Five Things to Consider for a Successful Intelligence Team - Part 5
September 04, 2014
#5 - Make it Operational
The previous four parts in this series have covered subjects necessary to make an intelligence staff a successful endeavor for an enterprise. In this final piece, I want to concentrate on how to pull it all together and make the team operational.
As stated in Part 1: Invest in the Proper People and Tools, “Threat intelligence in our industry is evolving. Going beyond vulnerability and threat feeds is a must.” The main takeaway is to bring context to your data. The best way to gain context is through analysis - human analysis. The analyst will be able to provide insights that a firewall, proxy or SIEM cannot. He or she will be able to discern if a threat is valid to an organization and provide an assessment that will enable judgment-based decisions. That is actionable, and that is what intelligence is all about. So how does an organization get to that point?
Levels of Intelligence
There are three roles of support that the intelligence function will deliver for the organization, known as the intelligence levels of effort. Each of these levels has a unique purpose when delivered and provides a well-rounded and comprehensive look at the overall threat landscape you face.
When first developing or instituting an intelligence capability within an organization, the main focus should be on strategic intelligence. This level of intelligence is tailored to deal with more long-term analysis of threats or problems that an organization will face based upon its size, industry vertical and current state of the information security program. It will also feed operations and senior leadership the necessary intelligence in the areas of policy, planning and resource allocation to complete the following two levels.
Operational intelligence is where the intelligence staff supports the daily processes of the security team. At this stage, the intelligence staff should concentrate on providing direct support for operations in the form of finished intelligence products that contribute to the protection of information and assets. This includes products on current and emerging threats and is delivered in the form of IDS/IPS signatures, YARA rules, threat actor profiles and up-to-date information stemming from malware analysis and industry trends.
Tactical intelligence is structured towards support for ongoing investigations and incident response in the case of an intrusion or breach of the organization. The intelligence team should provide current and time-sensitive intelligence surrounding the specifics of the incident, exploit or threat. The production of finished intelligence in this stage is limited to the Post-Incident Activity component of the incident response plan, and all intelligence communications to the incident response team should be tailored for quick consumption and action.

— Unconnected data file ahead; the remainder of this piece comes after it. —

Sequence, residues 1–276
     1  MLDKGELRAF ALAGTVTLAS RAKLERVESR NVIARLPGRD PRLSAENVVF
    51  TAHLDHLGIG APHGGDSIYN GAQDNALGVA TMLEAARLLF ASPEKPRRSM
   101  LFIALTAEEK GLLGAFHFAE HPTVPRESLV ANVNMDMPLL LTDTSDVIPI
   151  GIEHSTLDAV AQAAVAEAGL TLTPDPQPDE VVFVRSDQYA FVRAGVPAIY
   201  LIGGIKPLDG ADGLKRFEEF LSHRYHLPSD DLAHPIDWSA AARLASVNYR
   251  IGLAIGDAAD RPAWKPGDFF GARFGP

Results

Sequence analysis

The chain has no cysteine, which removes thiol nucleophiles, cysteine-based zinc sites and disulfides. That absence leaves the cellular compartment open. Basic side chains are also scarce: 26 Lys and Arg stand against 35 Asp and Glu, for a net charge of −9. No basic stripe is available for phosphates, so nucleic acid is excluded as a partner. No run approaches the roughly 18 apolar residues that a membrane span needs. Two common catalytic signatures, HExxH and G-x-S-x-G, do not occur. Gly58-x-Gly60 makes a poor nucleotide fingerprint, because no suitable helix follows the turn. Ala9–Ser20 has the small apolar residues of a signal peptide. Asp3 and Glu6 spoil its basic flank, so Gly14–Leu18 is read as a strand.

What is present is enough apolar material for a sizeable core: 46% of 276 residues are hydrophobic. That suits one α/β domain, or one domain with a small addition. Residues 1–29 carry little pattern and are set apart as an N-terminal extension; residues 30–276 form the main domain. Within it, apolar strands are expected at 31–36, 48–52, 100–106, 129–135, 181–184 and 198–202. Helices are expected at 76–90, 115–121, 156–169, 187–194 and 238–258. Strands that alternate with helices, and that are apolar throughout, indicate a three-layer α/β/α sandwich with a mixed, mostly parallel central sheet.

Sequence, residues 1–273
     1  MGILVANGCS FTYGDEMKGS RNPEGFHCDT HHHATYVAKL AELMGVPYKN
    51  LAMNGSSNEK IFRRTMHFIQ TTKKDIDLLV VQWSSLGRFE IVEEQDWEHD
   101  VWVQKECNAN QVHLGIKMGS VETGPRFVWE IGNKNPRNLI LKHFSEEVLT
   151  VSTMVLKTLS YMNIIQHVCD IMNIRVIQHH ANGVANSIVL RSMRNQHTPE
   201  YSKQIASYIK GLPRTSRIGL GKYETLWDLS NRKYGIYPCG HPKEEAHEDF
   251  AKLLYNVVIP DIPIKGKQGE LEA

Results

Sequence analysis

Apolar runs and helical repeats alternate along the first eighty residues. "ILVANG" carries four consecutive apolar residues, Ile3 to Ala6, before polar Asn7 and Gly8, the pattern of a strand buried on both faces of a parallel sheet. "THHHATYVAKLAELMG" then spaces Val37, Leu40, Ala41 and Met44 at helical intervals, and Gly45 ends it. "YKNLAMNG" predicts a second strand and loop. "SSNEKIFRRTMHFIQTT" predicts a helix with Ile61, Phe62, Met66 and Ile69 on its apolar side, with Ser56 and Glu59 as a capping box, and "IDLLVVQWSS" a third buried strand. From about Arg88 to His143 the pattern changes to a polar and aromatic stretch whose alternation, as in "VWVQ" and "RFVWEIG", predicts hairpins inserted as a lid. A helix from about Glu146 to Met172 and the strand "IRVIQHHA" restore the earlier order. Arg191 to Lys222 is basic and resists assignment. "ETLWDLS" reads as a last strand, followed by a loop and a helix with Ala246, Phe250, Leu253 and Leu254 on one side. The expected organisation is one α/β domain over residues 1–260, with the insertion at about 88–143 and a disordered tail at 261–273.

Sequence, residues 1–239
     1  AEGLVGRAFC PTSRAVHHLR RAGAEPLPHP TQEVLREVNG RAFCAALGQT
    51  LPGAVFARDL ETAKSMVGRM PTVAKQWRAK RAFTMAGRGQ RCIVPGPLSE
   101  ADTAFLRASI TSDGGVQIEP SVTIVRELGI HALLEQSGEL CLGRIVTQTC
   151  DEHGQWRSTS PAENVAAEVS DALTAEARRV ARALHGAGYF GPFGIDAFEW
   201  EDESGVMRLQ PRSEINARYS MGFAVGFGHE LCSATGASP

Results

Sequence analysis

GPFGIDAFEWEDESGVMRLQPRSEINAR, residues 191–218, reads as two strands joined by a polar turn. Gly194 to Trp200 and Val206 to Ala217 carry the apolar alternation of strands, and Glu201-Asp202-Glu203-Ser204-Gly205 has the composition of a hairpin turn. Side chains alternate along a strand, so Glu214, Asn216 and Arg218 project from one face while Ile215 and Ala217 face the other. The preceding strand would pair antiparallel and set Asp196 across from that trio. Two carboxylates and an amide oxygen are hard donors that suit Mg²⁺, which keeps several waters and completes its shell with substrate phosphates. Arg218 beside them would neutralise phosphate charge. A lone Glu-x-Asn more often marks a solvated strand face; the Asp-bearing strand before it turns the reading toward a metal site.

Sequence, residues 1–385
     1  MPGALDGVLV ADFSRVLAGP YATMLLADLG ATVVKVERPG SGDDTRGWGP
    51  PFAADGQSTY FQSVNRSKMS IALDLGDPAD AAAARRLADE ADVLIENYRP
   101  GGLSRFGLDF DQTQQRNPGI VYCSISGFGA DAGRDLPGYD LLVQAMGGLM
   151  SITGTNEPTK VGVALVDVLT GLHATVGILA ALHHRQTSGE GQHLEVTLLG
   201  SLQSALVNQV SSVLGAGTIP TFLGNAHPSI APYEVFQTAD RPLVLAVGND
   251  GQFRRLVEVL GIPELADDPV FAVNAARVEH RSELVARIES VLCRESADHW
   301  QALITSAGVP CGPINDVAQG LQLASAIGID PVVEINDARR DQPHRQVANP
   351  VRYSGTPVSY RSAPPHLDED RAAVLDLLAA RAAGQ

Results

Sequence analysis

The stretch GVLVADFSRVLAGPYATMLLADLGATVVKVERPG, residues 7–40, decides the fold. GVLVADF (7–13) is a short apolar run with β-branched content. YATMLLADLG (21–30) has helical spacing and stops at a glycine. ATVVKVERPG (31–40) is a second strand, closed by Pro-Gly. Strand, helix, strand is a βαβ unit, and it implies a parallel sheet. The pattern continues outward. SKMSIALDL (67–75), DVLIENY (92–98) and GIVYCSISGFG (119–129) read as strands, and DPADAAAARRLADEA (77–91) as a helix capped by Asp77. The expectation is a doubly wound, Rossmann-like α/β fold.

The Intelligence Cycle
If you are familiar with any of our previous articles, you will know that we always go back to the intelligence cycle. The intelligence cycle allows analysts to focus their collection and analysis on the specific threats that an organization faces. The great thing about it being a cycle is it can be instituted at all three of the “Intelligence Levels of Effort”.
Inside the intelligence cycle, we can see how the previous four parts can be applied.
- The proper people and tools will allow for sound requirements to be developed and enable analysis and production.
- DEVOPS will assist in collection and analysis as long as the right tools are appropriated or built.
- Open communication channels will assist in both requirements generation and proper dissemination of finished intelligence.
- Sharing among the community can hit all four parts.
Make It So
To end, if you have a security shop, odds are you currently perform intelligence operations. With some fine tuning on people, processes and technology covered in this series, you can embark on having intelligence-driven operations. Invest in your people and the tools they need. Encourage internal development. Allow them to communicate openly, both internally and externally. Adopt a proven methodology. Make it so!